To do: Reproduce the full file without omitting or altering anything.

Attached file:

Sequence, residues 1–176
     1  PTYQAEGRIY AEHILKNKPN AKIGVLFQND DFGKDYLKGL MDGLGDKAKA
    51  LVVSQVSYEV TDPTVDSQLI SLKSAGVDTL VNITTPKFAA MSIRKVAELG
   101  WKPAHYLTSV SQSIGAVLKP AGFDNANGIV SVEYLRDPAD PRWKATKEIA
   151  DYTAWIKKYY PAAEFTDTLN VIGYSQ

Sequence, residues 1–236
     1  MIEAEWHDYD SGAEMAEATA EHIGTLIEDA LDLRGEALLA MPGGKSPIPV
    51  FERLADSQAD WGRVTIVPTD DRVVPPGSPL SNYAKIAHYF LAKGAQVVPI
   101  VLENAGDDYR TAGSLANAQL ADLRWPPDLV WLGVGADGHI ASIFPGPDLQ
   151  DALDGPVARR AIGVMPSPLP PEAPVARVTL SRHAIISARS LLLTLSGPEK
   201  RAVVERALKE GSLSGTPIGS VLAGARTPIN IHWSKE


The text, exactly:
Sequence, residues 1–176
     1  PTYQAEGRIY AEHILKNKPN AKIGVLFQND DFGKDYLKGL MDGLGDKAKA
    51  LVVSQVSYEV TDPTVDSQLI SLKSAGVDTL VNITTPKFAA MSIRKVAELG
   101  WKPAHYLTSV SQSIGAVLKP AGFDNANGIV SVEYLRDPAD PRWKATKEIA
   151  DYTAWIKKYY PAAEFTDTLN VIGYSQ

Sequence, residues 1–236
     1  MIEAEWHDYD SGAEMAEATA EHIGTLIEDA LDLRGEALLA MPGGKSPIPV
    51  FERLADSQAD WGRVTIVPTD DRVVPPGSPL SNYAKIAHYF LAKGAQVVPI
   101  VLENAGDDYR TAGSLANAQL ADLRWPPDLV WLGVGADGHI ASIFPGPDLQ
   151  DALDGPVARR AIGVMPSPLP PEAPVARVTL SRHAIISARS LLLTLSGPEK
   201  RAVVERALKE GSLSGTPIGS VLAGARTPIN IHWSKE